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    US Hispanic Groups Face Challenge in Getting Out the Vote

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    More than 19 million Hispanics are eligible to vote in Tuesday's midterm election, and Hispanic organizations are busy registering new voters in states like California. But a recent study by the Pew Hispanic Center suggests that Hispanics are less motivated to vote than they were two years ago.

    Nicole Rivera of the group Voto Latino says the get-out-the-vote effort is underway among Hispanics, who are also called Latinos.  

    "And the reason that we do it is because approximately 50,000 Latinos turn 18 every single month in the United States of America," she said.

    Mark Hugo Lopez of the Pew Hispanic Center says three issues are the top concerns for Hispanic voters, according to a survey by his center. "Education, the economy and health care. Those were the three issues that Latinos pointed to as being of extreme importance to them personally," he said.

    Nicole Rivera sees the same concerns among new Latino voters.

    "They're coming out of college," she said. "They're worried about their job situation.  They're worried about the economy."

    Steve Mendez has just registered to vote.

    "To make my own difference and make a change in the world - at least in California," he said.

    But many voters are discouraged.  

    In Las Vegas, Nevada, a poor economy has left thousands of new Latino immigrants without jobs.  The Nevada unemployment rate is over 14 percent, the highest in the country.   Some Latinos at a suburban food bank rely on help from charity to feed their families.

    Latinos are less likely to vote than other voters in this election, says the Pew Hispanic Center's Mark Hugo Lopez.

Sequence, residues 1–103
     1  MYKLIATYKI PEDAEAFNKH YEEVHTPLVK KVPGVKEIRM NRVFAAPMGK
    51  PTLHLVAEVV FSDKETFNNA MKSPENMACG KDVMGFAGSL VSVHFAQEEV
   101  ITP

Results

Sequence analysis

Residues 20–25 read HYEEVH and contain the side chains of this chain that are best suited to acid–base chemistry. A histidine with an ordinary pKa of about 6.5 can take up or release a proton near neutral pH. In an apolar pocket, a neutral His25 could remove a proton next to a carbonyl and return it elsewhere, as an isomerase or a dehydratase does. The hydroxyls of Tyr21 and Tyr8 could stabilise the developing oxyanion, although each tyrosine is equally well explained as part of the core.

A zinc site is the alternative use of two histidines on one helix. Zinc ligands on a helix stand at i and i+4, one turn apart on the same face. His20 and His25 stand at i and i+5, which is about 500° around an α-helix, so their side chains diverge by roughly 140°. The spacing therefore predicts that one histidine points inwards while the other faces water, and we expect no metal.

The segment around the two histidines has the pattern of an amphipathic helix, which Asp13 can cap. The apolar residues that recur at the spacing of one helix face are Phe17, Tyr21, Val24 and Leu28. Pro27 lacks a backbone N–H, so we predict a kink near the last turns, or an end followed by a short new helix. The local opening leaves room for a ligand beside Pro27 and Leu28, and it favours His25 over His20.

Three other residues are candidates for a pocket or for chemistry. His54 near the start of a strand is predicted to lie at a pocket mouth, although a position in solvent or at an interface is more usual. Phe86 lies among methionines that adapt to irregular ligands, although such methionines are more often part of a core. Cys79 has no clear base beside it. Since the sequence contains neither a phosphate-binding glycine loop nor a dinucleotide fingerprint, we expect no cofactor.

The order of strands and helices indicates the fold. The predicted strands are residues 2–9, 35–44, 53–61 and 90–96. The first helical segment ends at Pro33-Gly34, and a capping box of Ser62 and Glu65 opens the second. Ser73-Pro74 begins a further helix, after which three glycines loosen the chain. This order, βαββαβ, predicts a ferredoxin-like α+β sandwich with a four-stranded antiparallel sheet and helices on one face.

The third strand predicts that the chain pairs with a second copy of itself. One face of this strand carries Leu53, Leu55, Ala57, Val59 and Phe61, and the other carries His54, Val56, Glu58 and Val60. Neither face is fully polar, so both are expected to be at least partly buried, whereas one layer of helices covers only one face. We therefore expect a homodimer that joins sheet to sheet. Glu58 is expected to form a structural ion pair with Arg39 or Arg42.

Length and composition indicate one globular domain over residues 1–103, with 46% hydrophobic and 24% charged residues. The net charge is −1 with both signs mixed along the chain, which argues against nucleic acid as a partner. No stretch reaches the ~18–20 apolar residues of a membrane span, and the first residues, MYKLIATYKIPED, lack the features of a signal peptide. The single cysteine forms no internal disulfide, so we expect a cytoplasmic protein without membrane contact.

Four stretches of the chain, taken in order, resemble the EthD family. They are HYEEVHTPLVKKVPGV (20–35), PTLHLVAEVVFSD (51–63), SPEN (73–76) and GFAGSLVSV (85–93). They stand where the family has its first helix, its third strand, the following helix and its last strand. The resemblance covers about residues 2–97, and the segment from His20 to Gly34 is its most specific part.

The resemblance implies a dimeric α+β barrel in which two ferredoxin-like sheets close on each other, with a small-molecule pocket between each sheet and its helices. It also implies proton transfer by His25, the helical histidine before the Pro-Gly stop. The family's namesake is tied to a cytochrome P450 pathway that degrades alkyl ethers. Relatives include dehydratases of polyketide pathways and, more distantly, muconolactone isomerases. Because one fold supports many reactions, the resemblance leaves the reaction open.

"We asked, 'Are you absolutely certain you are going to vote in this election cycle?'  And about half of registered Latino voters said that they were absolutely certain they were going to vote, compared with 70 percent of all registered voters," he said.

    He says that across the country, many more Hispanics view the Democrats as concerned about their needs, but the survey shows Republican Latinos are more motivated to vote.

    The poll shows that Hispanics are also concerned about immigration reform to regularize the status of the millions of Latinos in the country illegally.  

    Latinos have complained about crackdowns in Arizona, where a controversial law that targets illegal immigrants has been partially blocked by the federal courts.  And in Colorado, former congressman Tom Tancredo, who is running for governor, has made border security and illegal immigration key themes in his campaign.

    In California, Republican candidate for governor Meg Whitman has been criticized for hiring, and then summarily firing, a maid who was illegally in the country.  Whitman says she was unaware of the woman's status when she hired her.  Democrats hope the issue hurts her standing with Hispanics and helps her Democratic opponent, former California governor Jerry Brown.

    Mark Hugo Lopez says the number of Hispanic voters has increased in each mid-term election since the 1980s.  And in states with  large immigrant populations, the Latino vote can swing the outcome in tight races, so the parties are emphasizing issues that resonate with Hispanics, and mobilizing to get Latinos to vote.

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